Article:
Yesterday, to top it off, the Democratic-controlled U.S. Senate passed a reauthorization of Patriot Act provisions without any reform to them. This passage was made via voice vote, a move for secrecy so that no one could track the vote of a specific senator on the issue. The vote to make American citizens’ private lives transparent to the U.S. Government was made in a way to make American senators’ votes opaque to U.S. citizens.

The 2008 promise by Democrats to reform warrantless wiretapping, intrusive surveillance, restore constitutional protections, reject national security letters and reform the Patriot Act has not simply been forgotten. The promise has been broken.

Again, to reiterate, any piece of legislation that would allow the government to gain access to “any tangible thing” during an investigation is, by virtually anyone’s estimation, an important piece of legislation. Therefore, in extending such legislation shouldn’t there at least be discussion? One would think.

For related information please see: Patriot Act Extension.

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1st February 2011

In recent days this blogger has been reading a great deal about both the proposed extension of the USA PATRIOT ACT and the proposed “Internet Kill Switch” which would allow Federal authorities to unilaterally shut down the internet services in much the same way that Egyptian authorities have restricted the access to internet services in Egypt. The first issue is the extension of the Patriot Act. Notwithstanding what appears to be broad popular support calling for the repeal or “sunsetting” of the Patriot Act, lawmakers on Capitol Hill continue to push for a further extension of this questionably Constitutional piece of legislation. To quote directly from a piece on the website:

Senate Judiciary Committee Chairman Patrick Leahy (D-VT) introduced legislation to the Senate Wednesday that would extend expiring provisions of the controversial PATRIOT Act.

“Congress now faces a deadline to take action on the expiring provisions of the USA PATRIOT Act,” Sen. Leahy said in a statement. “The USA PATRIOT Act Sunset Extension Act of 2011 will preserve law enforcement and intelligence techniques that are set to expire on February 28, 2011, and extend them to December 2013.”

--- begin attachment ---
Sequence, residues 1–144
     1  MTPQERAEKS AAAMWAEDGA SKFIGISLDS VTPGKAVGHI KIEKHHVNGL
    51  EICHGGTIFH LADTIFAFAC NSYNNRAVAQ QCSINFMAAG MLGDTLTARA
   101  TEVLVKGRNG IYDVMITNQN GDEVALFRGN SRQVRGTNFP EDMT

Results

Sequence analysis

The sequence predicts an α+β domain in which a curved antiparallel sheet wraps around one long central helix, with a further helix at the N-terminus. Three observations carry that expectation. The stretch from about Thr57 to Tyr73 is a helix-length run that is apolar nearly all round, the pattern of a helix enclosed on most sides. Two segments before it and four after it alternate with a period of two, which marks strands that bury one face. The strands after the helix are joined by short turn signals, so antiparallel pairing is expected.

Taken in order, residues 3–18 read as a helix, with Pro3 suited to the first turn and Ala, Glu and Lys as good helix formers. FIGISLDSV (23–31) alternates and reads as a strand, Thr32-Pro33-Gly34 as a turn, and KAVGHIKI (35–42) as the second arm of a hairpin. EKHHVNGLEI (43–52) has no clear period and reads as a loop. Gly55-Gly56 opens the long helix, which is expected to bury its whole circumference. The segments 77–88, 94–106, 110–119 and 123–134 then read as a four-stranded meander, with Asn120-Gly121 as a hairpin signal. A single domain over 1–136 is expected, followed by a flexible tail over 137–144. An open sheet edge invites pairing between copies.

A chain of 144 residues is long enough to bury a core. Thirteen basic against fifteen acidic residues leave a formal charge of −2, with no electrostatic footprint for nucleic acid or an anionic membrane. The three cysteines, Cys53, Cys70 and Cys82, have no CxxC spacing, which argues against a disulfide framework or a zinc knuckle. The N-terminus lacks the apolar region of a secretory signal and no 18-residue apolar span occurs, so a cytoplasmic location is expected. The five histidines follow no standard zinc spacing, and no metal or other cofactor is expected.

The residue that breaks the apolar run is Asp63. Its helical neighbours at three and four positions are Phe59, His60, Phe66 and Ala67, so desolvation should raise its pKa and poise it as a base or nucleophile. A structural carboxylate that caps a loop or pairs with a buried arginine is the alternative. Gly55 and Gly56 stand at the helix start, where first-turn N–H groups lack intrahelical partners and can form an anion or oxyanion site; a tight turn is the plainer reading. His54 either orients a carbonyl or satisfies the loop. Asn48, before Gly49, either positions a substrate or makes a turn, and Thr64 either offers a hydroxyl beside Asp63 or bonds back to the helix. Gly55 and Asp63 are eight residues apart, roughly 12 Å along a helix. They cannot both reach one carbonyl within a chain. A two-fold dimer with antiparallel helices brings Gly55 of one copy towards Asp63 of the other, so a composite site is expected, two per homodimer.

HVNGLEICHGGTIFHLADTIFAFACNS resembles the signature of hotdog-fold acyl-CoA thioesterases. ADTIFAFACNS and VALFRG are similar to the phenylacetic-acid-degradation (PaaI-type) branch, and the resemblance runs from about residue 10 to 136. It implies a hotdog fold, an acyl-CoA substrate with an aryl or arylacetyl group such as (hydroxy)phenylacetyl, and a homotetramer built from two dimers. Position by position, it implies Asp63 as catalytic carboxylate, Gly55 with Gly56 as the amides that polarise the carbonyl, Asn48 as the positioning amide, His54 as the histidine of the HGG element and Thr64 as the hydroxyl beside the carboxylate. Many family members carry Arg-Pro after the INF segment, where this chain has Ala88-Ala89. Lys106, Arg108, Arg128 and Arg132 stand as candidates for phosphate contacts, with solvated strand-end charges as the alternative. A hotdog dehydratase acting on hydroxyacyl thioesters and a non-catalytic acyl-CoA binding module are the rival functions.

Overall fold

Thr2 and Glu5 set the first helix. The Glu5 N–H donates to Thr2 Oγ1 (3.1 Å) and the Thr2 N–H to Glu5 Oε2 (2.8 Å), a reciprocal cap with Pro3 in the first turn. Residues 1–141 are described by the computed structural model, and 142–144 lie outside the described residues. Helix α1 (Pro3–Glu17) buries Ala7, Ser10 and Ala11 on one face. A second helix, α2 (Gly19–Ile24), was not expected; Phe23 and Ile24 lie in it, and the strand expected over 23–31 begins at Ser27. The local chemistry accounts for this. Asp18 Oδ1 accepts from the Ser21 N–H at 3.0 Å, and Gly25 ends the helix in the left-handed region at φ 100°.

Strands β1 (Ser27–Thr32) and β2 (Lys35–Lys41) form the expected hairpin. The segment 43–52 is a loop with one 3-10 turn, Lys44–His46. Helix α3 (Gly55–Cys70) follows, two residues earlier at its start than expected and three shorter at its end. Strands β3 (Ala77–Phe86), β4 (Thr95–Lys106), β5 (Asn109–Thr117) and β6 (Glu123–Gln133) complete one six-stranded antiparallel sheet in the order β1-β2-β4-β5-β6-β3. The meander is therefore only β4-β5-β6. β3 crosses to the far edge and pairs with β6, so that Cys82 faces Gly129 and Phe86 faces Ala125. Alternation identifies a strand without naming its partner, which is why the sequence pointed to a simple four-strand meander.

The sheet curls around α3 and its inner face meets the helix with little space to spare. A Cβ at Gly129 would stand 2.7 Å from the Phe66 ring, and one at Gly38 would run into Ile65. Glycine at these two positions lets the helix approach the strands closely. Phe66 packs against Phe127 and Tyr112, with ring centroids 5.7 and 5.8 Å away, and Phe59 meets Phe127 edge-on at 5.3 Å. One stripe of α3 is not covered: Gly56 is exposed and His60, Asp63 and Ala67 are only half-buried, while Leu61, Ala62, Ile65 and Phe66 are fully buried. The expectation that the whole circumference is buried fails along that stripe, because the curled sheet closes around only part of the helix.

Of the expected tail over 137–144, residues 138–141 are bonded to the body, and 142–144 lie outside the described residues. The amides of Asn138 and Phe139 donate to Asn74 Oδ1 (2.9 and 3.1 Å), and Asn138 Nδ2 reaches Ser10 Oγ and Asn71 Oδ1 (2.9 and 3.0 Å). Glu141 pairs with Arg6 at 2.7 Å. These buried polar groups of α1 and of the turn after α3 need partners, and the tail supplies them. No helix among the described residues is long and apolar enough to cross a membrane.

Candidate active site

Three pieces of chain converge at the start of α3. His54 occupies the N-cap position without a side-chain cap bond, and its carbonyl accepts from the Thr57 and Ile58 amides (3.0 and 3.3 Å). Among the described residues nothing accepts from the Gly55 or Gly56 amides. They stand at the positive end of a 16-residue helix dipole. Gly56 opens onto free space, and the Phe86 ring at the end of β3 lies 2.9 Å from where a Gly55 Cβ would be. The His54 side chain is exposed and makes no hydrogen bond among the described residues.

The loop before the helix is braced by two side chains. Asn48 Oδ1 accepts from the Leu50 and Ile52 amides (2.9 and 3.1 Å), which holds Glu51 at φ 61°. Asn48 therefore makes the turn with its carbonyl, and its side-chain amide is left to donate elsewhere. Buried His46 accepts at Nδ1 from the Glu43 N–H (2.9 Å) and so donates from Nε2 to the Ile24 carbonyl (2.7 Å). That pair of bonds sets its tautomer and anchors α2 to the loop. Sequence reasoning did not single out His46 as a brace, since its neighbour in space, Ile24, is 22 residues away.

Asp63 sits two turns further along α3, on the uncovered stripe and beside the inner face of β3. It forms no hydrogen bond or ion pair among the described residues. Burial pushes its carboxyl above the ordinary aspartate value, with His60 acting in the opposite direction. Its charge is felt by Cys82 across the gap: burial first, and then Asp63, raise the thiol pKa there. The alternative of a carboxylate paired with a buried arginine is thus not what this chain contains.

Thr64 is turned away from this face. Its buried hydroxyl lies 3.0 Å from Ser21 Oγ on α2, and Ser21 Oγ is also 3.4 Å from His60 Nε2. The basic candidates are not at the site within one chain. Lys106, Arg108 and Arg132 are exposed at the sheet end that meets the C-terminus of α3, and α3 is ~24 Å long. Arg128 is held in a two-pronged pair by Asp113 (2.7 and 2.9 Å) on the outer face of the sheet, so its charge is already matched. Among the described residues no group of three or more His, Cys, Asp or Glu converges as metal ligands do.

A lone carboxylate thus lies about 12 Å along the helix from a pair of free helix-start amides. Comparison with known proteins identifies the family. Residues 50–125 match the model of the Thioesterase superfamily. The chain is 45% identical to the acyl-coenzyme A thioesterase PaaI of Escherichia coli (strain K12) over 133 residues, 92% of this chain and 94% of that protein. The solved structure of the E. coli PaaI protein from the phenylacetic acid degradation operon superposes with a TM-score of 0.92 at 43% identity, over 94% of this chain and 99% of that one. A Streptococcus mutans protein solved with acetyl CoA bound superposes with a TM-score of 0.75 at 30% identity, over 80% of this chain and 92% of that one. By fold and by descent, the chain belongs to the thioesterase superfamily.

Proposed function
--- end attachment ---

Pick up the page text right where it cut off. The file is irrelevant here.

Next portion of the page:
The legislation, titled “The USA PATRIOT Act Sunset Extension Act of 2011,” would extend the roving wiretap provisions, the “lone wolf” measure and the “library records” provision. The provisions allow authorities to conduct surveillance without identifying the person or location to be wiretapped, permits surveillance of “non-US” persons who are not affiliated with a terrorist group, and lets the government gain access to “any tangible thing” during investigations, respectively.

Roving wire taps, library records surveillance, access to “any tangible thing” during an investigation, the question must be posed: is this really what is best for the United States of America? The USA was founded upon principles which run completely counter to all of these notions. Furthermore, vague definitions in bills such as the Patriot Act (eg. “any tangible thing”) makes this blogger think back to a time in the United Kingdom when blank warrants were utilized as a circumvention by authorities to search people without probable cause. Again, those who follow United States politics and policy with any kind of regularity must have noticed what appears to be a movement toward a more authoritarian regime in Washington D.C. Why do the American people need to continue to be placed under a regime of such heavy surveillance and scrutiny with no definitive end? Yes, there are threats in the world today, but it has always been America’s ability to remain free in spite of war, terrorism, and general unrest that, if anything, once made the American people “exceptional”. In much the same way that the British pride their “stiff upper lip” so too did Americans once prize their self-reliance and liberty. Why are these principles being undermined by the very lawmakers who have sworn to protect and defend the US Constitution?

Meanwhile, as the Patriot Act extension awaits Congressional approval, it appears that a bill may be proposed which would give Federal authorities the ability to unilaterally shut down the internet and thereby deprive the citizenry of free access to open source information the likes of which can sometimes only be found online. To quote directly from a recent piece on the website

While the Egyptian government has drawn international criticism for shutting down internet and mobile phone access during civil unrest, it might alarm many Americans to learn that Barack Obama may soon have the same powers.

Lawmakers are set to debate a controversial new plan to give the President the power to shut down the Internet in case of a cyber emergency.